The Mercy of God: Mary as a Mercy for Humanity and as the Mediatrix of Salvation

Document Type

Peer-Reviewed Article

Publication Date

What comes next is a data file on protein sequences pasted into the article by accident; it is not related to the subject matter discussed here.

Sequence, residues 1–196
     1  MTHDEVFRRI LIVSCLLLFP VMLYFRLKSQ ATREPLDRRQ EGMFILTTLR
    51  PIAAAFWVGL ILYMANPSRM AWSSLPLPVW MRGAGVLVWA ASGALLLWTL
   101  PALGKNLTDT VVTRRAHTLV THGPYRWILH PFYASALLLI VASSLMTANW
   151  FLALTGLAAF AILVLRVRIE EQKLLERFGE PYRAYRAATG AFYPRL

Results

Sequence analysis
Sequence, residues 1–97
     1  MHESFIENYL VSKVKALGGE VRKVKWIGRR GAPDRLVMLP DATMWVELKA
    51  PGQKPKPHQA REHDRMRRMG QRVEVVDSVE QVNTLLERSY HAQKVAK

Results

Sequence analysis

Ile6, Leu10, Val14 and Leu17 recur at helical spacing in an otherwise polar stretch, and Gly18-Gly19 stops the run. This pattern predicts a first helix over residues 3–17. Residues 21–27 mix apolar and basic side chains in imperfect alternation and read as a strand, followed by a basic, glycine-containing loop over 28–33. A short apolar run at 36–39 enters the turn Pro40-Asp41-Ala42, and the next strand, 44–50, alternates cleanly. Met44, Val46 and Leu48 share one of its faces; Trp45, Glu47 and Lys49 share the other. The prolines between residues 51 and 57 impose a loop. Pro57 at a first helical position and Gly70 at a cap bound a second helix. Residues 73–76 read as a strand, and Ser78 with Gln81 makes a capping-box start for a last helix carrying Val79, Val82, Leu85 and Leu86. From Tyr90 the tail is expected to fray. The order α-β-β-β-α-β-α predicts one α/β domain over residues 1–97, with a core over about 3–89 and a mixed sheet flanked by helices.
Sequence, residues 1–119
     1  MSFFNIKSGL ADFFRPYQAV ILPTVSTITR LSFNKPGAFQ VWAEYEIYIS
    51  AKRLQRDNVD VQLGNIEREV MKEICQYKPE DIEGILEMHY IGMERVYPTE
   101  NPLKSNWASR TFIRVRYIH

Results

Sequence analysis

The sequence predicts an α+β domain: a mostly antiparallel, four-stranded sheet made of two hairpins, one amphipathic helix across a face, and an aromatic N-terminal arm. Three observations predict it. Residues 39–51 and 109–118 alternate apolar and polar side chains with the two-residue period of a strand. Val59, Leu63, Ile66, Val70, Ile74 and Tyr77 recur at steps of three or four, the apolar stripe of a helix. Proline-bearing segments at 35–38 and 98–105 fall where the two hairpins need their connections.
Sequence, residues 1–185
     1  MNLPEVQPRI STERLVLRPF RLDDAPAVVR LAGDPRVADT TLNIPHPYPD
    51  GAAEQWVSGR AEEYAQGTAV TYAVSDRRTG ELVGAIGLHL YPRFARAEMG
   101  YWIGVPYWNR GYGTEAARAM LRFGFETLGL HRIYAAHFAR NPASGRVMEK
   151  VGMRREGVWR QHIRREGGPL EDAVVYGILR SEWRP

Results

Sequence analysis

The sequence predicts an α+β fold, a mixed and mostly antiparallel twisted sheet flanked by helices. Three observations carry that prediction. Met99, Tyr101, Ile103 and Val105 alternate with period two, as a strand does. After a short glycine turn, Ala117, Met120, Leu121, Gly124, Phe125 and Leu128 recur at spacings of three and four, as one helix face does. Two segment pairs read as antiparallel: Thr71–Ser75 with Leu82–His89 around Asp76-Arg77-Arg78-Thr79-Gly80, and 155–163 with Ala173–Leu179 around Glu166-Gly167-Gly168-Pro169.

From the time of St. Bernard of Clairvaux in the twelfth century, the Cistercian Order, and later, the Cistercian Order of Strict Observance, professed a particularly tender devotion to the Virgin Mary, and the twentieth-century Trappist Thomas Merton was of course no exception: Merton spoke of the Cistercian Order as the “special territory” of the “Queen of Heaven” and “those monks in white cowls” (Cistercians) as her “special servants.” Moreover, within the great corpus of his works there is evidence of an earnest and evolving Marian piety, and while his numerous allusions to the Blessed Mother are reflective and quite personal, he was sensitive to the somewhat elusive and complicated persona Mary presents (at least in the traditional telling) and, as a result, the complicated response and indeterminate understanding many Catholics have about her. As he once claimed about Mary, “hers is the most hidden of sanctities. What people find to say about her sometimes tells us more about their own selves than it does about Our Lady.